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Old 01-29-2007, 11:48 PM
155 posts, read 239,967 times
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I have been helping a brother move with his wife to either Fort Collins (FoCo) or CO Springs. There are three major concerns we have regardings his move:

1. Landscape of the area. We seem to think FoCo is greener, not as many of the "Garden of the gods" brown clay rocks, less sand in FoCo. Are we right? Is CO Springs really dry or is it just the little we have seen on out 1-day trip to Co Springs? How would you rate CO Springs vs. Fort Collins in terms of green?

Also, is CO Springs looking "older" and more run down the FoCo or again, it's just our first impression?

2. Jobs. The husband and wife both work as Paralegals. One has 5 years of exp in Personal Injury, the other has a mix of clerical and legal experince. We have not seen a whole lot of jobs in either area. Are the jobs just not there?? How can it be that there are these towns, one with about 150,000 people and the otehr with 300,000 people and NO legal jobs at all?! Do you ever see legal assistant jobs on either city???

3. Gangs. They are moving to get away from gangs and the dangers these are to the community. How is gang activity on eitehr town? We called the PD, but we didn't get a whole lot of info. What do you think based on the local news?

Any ideas, suggestions, comments, etc would be greatly appreciated!

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Old 01-30-2007, 10:13 AM
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Landscape: To answer your question, Colorado is dry; eastern Colorado has a semi-arid climate. However, If you ask me, Colorado Springs is far more scenic than Fort Collins (or, I would say, virtually any city in the US), but you're correct that most of the city of CS seems to have more of a "run-down" look than Fort Collins. The reason is that Fort Collins has a very strict design review process for all new construction and is meticulous about forcing property owners to keep their properties and landscaping up. There are a lot of rules -- for example, new auto repair shops cannot allow their garage doors to face the street, new parking lots must have landscaping including grass, flowers, and trees. Fort Collins also has a lot of planted trees and streetside landscaping for those reasons. However, if you just go by the natural beauty, I don't think any city in America of its size can match what Colorado Springs has.

2. I really don't know much about your industry. Statewide, the economy is good right now and jobs are plentiful. Fort Collins is a smaller town of about 120,000 people so may not be able to offer jobs in every industry. Colorado Springs is larger, but it has a reputation for having salaries lag the Denver metro area.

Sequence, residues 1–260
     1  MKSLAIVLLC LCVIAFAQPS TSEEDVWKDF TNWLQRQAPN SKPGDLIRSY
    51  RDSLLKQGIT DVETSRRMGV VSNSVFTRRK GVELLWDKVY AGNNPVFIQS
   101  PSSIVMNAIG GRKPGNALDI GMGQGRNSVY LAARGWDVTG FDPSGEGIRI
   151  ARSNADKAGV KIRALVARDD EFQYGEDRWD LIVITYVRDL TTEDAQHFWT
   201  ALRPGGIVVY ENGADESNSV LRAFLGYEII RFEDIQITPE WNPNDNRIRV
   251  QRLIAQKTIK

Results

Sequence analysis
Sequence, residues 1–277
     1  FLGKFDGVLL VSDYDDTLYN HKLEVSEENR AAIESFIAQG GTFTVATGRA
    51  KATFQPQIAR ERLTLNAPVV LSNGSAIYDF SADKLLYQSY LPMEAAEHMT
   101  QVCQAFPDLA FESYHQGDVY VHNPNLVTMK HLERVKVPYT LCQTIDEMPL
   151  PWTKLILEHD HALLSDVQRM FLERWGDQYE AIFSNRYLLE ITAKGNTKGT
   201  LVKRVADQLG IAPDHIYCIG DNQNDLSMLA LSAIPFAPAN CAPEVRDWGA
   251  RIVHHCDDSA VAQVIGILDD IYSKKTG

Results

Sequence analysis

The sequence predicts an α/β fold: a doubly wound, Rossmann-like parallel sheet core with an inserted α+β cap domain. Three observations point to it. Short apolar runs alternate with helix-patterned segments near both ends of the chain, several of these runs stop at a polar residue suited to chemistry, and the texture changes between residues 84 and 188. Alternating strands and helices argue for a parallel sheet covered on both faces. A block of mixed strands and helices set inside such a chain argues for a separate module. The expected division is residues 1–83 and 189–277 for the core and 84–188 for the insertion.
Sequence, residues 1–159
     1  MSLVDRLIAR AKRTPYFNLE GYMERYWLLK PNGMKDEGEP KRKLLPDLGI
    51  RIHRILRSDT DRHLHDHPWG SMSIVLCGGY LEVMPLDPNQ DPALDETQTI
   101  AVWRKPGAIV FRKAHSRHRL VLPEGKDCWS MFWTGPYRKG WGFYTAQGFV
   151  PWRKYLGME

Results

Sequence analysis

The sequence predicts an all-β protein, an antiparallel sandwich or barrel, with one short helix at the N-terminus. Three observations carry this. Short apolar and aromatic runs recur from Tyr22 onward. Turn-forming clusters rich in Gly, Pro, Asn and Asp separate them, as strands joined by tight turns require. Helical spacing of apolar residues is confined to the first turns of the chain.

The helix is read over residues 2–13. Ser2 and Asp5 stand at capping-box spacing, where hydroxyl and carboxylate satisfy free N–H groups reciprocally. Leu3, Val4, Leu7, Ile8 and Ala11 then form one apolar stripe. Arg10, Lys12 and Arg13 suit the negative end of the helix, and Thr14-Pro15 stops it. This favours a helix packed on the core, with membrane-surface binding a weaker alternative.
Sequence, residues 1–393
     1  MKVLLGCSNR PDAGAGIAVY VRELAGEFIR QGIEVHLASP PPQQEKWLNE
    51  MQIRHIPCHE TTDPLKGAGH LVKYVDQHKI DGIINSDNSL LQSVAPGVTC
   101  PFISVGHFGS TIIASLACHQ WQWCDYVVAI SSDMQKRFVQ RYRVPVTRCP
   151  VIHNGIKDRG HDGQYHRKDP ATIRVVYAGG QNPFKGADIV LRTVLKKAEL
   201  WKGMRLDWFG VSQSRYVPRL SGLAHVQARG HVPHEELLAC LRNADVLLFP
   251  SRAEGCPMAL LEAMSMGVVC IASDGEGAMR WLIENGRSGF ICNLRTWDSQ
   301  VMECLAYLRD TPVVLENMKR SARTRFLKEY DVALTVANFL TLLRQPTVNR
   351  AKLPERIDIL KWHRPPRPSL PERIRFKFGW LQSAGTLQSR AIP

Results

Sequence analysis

3. The whole state is suffering from gangs and that includes cities, suburbs, and rural areas. The meth problem has exploded as well and that has brought issues in once quaint, idyllic small towns. There's really nowhere in the state where you could totally escape the influence of gangs and drugs. However, both FC and CS have per-capita crime rates well below the national average, check city-data. FC's rate is lower than CS, as you would expect from a town that is a third of its size.
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Old 01-30-2007, 04:30 PM
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Fort Collins is the "ag" educational center of Colorado, and has a large landscape architecture/horticulture program. Agriculture has also played a much larger aspect of FC's history than the areas further South.

In fact, FC has one of the two USA's ag genetic storage sites, where plants/seeds from all over the world are stored as seedstock for research and stock in case of some form of agricultural disaster.

There are several major nurseries in the FC area, and many of the local students work there (for very low wages ....) to study practical design and installation of all aspects of landscaping, irrigation, hardscapes, horticulture, insects, livestock, and so on.

The local climate and soils make for a very challenging and rewarding locale for a landscape business.

Colorado Springs, OTOH, does not have the abundant local resource and talent and depends upon a few local nurseries for landscape guidance and design (some good, some not so good ....). The local "box" stores are a major source of ... in my opinion ... a lot of disinformation/products about what will/will not grow in the local soils and climate, along with the national franchise "lawn" maintenance companies with their "one formula spray" fits all approach to yard care.

IMO, if you were going into the landscape business, COS has more unfilled demand than the FC's area. But you will need to know how to deal with the soils, climate, moisture, etc .... that are very localized in the area ... to be a success.

You may want to contact or visit some of the major to-the-trade-only wholesale greenhouses in the Denver area to get a better sense of what grows around the area.
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Old 01-31-2007, 12:05 AM
155 posts, read 239,967 times
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Smile Wow, these are awesome replies!! ^_^

Sunsprit and TFox:

First, let me thank you both for the awesome replies.

TFox: My concern is to have a "Desert feel" to CO Springs. I fully agree with you, CO springs has the Pikes Peak hovering over it and a great church atmosphere/family oriented. It is awesome, but the town seemed.. older. Well, I know it is, there is tons of old money in CS, but it doesn't look like the town got much of a facelift in the last few years.

Also, I remember driving through Nevada and it was all this yucky brown clay... kinda weird. I saw some of the clay (you know, kinda like the Garden of the gods) and I am wondering if that is widespread in CS?